Why Build Mobile-First Social Networks?
Most of our favorite social networks, save Pinterest (crossing my fingers a mobile app will hit Android soon), are available on our mobiles, but they probably didn’t start out that way.
Three of the most widely used social networking sites — Twitter, Facebook and YouTube — launched on the web and crossed over to mobile due to demand for connectivity on the road, but as more people look to their smart phones to stay connected, the number of mobile-first networks is growing.
“Mobile-first is the direction that many social networks are headed,” said Holger Luedorf, head of business development at foursquare, “If done right, such services start to feel ‘baked into’ the phone itself.”
Niche networks, like Flud, Everyme and Path, that have gone mobile-first are able to skip some of the roadblocks — clutter and the need to appease users with streamlined web and mobile functionality — that web-first companies face as they try to shrink down to mobile. When building mobile-first, “you’re freed from worrying about so many of the things that you have to think about when it comes to Web development,” said Oliver Cameron, founder at Everyme, an app that creates private news feeds for you and groups of your contacts.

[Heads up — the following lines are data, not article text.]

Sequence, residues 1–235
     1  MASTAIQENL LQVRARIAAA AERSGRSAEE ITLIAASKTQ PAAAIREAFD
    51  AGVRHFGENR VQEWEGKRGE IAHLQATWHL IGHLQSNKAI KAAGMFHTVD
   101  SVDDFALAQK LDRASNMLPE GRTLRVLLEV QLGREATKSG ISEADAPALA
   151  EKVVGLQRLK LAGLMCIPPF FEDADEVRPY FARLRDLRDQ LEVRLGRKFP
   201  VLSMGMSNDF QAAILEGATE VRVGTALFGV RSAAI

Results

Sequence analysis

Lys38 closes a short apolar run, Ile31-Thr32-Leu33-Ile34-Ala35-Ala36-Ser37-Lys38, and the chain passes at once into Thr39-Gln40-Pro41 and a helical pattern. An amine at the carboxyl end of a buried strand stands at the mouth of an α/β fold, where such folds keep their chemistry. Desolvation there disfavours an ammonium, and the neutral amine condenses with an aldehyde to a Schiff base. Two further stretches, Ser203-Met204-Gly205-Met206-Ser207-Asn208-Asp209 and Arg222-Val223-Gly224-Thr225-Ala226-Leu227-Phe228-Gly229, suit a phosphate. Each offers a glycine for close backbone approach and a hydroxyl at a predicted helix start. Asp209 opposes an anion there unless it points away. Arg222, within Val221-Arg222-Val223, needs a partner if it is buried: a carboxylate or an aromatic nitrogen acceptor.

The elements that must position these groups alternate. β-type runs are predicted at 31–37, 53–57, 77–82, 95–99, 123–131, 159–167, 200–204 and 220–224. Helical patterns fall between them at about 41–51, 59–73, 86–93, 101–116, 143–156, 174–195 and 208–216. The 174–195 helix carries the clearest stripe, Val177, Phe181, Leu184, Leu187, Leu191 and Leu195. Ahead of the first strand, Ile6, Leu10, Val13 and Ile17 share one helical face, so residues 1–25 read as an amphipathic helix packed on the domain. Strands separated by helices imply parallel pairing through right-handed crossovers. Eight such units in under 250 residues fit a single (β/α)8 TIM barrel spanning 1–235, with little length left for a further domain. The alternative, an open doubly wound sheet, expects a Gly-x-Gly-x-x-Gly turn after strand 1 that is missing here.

Plus, on mobiles there is a defined audience. Rather than trying to reach everyone and anyone on the web, you can market to the users on your platform. App stores allow users to search for apps by functionality and name, but they also feature apps — essentially a billboard advertisement for the application, setting it apart from similar apps and bringing it to a potential customer’s immediate attention.
Although there is a demand for mobile-first networks like foursquare and Instagram to have a web-presence and user dashboard, these companies essentially use their web-based counterparts to encourage people to download their apps.
“For decades, the center of computing has been the desktop, and software was modeled after the experience of using a typewriter,” said Georg Petschnigg, contributing creator of Paper, a new sketchbook app for the iPad. “But technology is now more intimate and pervasive than that. We have it with us all the time and we have to reimagine innovative new interfaces and experiences around that.”
sources: nytimes.com, netmagazine.com, allthingsd.com
image source: reliablenetworks.co.uk